So you are writing your grand WordPress plugin and you have a custom post type which the user uses, so far so good. You write your single-awesome.php file to allow WordPress to show a view for your custom type and put it into your theme, but wait a second I want my view to be portable! What are my options?
One option is to give up and go along, write a bunch of single-awesome.php files for every major theme (and there are a lot) and on a client basis. However, this is clunky, time consuming and impractical. As the creator of a plug-in, not a theme, you are responsible to have your plugin work, mostly, as is.
There is a better option and that is to include the template files in your theme and to write a add_filter hook to catch whenever a single-*.php template is called and handle your custom post types appropriately. Kenneth Newman at unfocus.com put together a nice post, with code examples, about doing just this. Luckily the code allows for the active theme to override the plugin, which is a good idea considering your template will not fit for all the possible themes out there.
However, we can hand some control of the templates colors, fonts, etc over to the user using a settings page. Currently I am working on an elegant way to do just that and make using my plugin as easy as possible for those who need to use it. Follow up post coming soon
More after the jump.
Here is the Reload-JS source code. It is simple and it doesn’t really do anything special. Most of the code has been used previously and is very popular for live loading. It accomplishes its task by using a recursive set of callbacks and has a few ways to call it.
You see Reload will automatically append the js if you don’t already have it attached. This is a nice feature to make nice simple calls like above. Reload allows you to set your primary library location and then takes care of it too. This makes loading multiple libraries pretty nice. However, what if you need to use a different host for one of your libraries? No worries! just make sure you use http:// and Reload will detect that it shouldn’t append your default library location to your URL (absolute URL handling).
Reload also has the ability to load from a variable it holds called libs. This can be risky, if multiple people try to use it and is not suggested unless you are sure no one else is using Reload.
Recently I have taken to doing more web development, even though I truly enjoy music and electronics. I have taken to doing web-based projects because I find them engaging, I enjoy the end results and the web is an essential skill. I have completed two projects thus far, Shears of Elegance and Ideagerie, and my favorite was the later. Why? Because it was an art project.
Throughout most of my life I have been dedicated to music and composition. I value the arts and when my friend, Kaity Reilly, asked me to develop her website, Ideagerie I jumped all over it. The good thing about working with a friend on a project is that the communications are less strained and there is less of a begrudging acceptance of the clients choice. Also artists are less particular about browser compatibility (if it doesn’t work in IE3 they don’t care much, so long as it gets out to a decent audience) and more willing to let you experiment on the backend, they will let you use what they are unfamiliar with. These sort of partnerships should be approached as being exploratory for both parties involved.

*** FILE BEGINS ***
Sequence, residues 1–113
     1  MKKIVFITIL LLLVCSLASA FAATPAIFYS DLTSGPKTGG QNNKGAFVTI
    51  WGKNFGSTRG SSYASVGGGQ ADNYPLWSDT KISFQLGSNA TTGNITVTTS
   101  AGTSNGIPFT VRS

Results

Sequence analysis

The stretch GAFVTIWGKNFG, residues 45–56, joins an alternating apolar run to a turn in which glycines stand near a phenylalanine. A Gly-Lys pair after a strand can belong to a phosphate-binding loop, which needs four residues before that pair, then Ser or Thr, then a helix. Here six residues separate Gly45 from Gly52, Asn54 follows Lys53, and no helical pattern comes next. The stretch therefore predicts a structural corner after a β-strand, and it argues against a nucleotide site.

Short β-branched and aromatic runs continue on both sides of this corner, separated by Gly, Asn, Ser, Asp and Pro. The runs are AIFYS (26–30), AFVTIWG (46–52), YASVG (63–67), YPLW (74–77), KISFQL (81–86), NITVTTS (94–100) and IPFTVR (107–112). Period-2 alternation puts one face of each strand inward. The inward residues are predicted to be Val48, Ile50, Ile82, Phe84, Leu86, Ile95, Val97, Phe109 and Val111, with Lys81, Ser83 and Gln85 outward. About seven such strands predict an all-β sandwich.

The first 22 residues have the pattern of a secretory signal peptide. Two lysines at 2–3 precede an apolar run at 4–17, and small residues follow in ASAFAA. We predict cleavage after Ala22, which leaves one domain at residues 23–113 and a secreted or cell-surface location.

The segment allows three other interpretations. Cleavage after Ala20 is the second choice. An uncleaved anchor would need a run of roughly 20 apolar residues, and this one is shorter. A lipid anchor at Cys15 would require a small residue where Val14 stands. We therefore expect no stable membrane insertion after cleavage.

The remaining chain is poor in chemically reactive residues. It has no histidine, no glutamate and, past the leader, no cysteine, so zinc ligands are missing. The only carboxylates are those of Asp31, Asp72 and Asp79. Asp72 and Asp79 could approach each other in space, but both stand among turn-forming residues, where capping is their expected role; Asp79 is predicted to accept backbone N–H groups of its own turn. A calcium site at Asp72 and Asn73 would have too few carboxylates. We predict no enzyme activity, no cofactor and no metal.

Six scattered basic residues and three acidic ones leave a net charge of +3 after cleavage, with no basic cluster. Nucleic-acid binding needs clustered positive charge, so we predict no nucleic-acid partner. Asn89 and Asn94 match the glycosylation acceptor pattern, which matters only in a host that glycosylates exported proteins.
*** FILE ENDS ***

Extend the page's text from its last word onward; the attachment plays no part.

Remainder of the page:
For Ideagerie I decided to use Sinatra and Ruby as my main workhorses and deployed on Heroku. This ended up being perfect for what the artist wanted. The git based updates allowed me to update the site swiftly and sink my teeth into development right away. By using Heroku I was also able to engage the artist in the process as they were able to see the updates almost immediately. Of course this is possible through more traditional means, but Heroku is more or less free for low-level use and you can swiftly update everything with a few git commands. Also, the artist I worked with liked to engage themselves in parts of the process, which is a unique opportunity to teach and receive new ideas.
Working with an artist is not all fun and games though. There will be constant disagreements over certain things, especially efficiency. Just because you naturally code efficiency doesn’t mean that the artist desires efficiency. In fact, there are times when the artist might just want to dump everything onto one page and remove pagination completely. Also, they tend to be particular about presentation. As my friend said, “The site [Ideagerie] does not need to be an Apple quality marketing campaign, but it does need to look like a person made it” (Kaity Reilly). Kaity also told me that, “the presentation, for me, is the most important part,” at a point where I was obsessing over efficiency/database issues.
Remember, don’t only work with other engineers or web designers, work with all sorts of people. You will gain more insight that way.
I got this little kit, Terror-Min from SparkFun. and put it together today. I had a little trouble with the soldering iron at first, but eventually I got the whole situation sorted out (I had to file of a little bit of oxidation on the tip… I might need to buy a better tip for my iron). I made a few mistakes while soldering, but it didn’t effect the fact that the circuit works. I am pretty proud of myself.